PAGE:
Pagans love to bless things. Whether or not they are sincere about it is immaterial. No matter whether you met just that moment or have known and despised one another for a decade, still
the proprieties must be observed, and observed with a treacly smile and a chirpy "Blessed be!" (This may or may not be accompanied by a Creepy Hug, which is a topic we'll address at a later time.) The process will be repeated upon departure, making "blessed be" the same sort of multipurpose greeting as "aloha."
The even perkier variant, "Bright Blessings!" is almost invariably used in a passive-aggressive manner. It is most effective as a sign-off to an offensive email or message board post. Nothing gets the message across faster than six paragraphs of poorly-spelled and poorly-reasoned flamebait capped off with "Bright Blessings!!!" (Superfluous punctuation is also de rigeur.) The general rule is, the level of the poster's sincerity is in inverse proportion to the size of the font and the number of exclamation points. "Bright Blessings," in paganspeak, is roughly analgous to "die in a fire."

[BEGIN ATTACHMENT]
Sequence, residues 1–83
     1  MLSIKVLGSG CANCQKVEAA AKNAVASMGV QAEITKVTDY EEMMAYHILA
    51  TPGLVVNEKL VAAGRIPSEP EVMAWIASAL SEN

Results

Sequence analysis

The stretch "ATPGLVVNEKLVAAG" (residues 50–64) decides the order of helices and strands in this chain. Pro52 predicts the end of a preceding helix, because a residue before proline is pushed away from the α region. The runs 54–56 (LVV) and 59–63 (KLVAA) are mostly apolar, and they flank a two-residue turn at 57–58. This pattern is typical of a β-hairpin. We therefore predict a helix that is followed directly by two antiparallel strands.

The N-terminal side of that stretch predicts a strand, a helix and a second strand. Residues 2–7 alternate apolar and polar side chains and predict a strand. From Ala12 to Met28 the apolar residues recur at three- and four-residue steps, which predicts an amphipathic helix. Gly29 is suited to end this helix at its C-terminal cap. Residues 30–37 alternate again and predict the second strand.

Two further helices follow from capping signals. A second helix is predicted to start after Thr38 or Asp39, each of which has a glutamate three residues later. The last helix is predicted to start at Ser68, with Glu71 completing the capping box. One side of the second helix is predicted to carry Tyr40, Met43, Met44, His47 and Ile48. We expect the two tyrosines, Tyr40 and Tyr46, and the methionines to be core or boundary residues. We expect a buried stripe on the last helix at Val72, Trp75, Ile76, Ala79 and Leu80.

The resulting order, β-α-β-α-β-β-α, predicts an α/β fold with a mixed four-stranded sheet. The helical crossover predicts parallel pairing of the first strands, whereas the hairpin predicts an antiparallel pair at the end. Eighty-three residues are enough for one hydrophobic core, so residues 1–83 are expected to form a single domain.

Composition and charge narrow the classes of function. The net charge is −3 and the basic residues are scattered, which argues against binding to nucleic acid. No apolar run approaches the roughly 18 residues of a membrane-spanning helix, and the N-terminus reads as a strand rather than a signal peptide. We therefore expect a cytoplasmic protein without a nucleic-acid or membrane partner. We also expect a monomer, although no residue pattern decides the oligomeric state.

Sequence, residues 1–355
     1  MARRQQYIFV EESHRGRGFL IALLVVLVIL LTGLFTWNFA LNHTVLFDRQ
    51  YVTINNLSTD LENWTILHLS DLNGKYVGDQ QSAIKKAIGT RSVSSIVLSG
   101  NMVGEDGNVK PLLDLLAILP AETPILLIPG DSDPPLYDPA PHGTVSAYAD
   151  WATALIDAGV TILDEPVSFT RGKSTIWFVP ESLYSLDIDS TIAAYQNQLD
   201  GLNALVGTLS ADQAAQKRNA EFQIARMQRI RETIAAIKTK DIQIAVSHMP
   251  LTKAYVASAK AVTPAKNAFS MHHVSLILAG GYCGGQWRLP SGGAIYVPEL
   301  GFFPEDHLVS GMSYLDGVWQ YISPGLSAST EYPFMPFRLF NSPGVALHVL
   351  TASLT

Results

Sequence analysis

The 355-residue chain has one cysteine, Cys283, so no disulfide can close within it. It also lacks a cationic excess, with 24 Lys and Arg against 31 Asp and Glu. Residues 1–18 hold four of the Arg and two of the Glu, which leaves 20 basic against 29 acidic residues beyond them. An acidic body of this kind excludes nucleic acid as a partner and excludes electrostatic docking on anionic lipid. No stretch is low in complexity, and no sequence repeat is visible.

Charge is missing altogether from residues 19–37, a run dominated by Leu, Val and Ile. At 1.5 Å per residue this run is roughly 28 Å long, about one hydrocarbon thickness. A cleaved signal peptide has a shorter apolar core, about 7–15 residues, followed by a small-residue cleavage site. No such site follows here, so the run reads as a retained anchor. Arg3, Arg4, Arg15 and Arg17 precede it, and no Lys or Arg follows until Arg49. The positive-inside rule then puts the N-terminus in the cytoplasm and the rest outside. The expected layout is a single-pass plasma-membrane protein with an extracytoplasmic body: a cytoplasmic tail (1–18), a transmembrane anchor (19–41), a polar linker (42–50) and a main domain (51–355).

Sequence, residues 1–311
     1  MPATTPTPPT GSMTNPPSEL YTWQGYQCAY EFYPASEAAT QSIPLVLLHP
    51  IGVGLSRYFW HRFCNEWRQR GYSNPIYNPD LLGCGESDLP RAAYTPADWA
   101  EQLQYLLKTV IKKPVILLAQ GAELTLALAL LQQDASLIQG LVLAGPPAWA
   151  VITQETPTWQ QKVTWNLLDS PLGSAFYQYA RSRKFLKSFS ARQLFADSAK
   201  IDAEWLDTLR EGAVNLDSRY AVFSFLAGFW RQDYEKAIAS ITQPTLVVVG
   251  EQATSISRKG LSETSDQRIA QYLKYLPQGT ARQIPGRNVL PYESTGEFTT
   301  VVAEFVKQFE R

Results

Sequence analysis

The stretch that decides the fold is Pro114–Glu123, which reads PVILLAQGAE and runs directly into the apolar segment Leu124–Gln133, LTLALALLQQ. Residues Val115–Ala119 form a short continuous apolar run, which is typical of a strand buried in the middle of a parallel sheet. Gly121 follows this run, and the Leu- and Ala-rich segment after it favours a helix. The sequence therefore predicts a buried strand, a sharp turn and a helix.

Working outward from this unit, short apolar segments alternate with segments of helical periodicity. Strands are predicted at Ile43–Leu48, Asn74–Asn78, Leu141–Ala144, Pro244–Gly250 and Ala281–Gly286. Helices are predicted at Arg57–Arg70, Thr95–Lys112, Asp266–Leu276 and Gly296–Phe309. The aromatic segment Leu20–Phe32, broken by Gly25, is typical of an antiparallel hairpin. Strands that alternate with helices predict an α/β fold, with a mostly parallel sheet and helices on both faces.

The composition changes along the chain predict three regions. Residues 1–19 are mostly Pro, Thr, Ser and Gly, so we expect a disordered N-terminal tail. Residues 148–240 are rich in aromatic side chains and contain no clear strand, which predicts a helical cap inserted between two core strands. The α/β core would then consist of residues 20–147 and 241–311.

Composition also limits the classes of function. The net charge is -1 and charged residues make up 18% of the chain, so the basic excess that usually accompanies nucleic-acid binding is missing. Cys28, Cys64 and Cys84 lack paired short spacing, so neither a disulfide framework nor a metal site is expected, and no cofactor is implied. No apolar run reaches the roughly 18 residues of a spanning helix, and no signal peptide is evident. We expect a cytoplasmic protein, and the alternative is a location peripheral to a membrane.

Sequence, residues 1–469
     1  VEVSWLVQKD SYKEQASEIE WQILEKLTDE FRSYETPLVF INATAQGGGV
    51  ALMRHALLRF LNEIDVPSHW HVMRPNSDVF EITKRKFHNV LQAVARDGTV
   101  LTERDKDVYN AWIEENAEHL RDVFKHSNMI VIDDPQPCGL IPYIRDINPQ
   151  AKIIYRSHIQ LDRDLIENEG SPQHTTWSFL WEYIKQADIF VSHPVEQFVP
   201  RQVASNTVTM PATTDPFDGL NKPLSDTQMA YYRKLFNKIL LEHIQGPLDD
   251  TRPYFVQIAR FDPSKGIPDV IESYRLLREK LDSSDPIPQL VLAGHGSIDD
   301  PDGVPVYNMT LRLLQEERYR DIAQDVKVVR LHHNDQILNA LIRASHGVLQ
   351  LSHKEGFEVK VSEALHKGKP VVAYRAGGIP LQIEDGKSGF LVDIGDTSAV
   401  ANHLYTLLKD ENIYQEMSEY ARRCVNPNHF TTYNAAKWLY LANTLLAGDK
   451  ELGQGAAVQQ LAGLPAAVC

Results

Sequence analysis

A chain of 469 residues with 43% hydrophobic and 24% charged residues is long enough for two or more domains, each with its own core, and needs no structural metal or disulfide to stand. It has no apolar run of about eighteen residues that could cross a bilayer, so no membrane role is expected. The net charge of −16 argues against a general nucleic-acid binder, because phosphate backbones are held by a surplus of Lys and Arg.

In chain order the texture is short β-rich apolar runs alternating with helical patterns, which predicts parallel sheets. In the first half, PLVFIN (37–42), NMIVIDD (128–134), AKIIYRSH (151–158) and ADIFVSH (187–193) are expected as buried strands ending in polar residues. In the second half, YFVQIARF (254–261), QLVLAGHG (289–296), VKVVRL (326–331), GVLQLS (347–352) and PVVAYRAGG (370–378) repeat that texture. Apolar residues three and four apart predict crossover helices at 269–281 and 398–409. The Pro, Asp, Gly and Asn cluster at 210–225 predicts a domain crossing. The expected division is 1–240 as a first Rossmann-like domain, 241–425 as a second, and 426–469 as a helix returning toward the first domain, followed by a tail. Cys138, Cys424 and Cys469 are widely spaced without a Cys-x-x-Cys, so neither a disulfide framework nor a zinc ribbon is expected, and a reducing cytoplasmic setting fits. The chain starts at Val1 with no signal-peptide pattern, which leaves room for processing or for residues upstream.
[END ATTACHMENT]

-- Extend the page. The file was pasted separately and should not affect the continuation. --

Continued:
The other most commonly used all-purpose blessing is "namaste." This is a Sanskrit compound word, from namas (to bow) and te (to you), and is a culturally-specific salutation common in India and Nepal which has since been widely disseminated thanks to Eastern disciplines of yoga and meditation becoming popular in the West. Most pagans don't know or care about the etymology of the word, because it sounds cool and lends an air of multicultural exoticism to their communications. (Speaking foreign languages where there are perfectly good English words available is a method of one-upmanship which we will also tackle in a later post.)
(Note also that the very word "bless" appears to derive from the Old English blodsian, meaning "to make sacred or holy by marking with blood." No doubt many of the pagans brightly blessing their coreligionists with chirpy words and creepy hugs would prefer to be marking them with blood, but that being frowned upon by the larger culture and often prohibited by law, they make do with what they have. Blessed be, readers!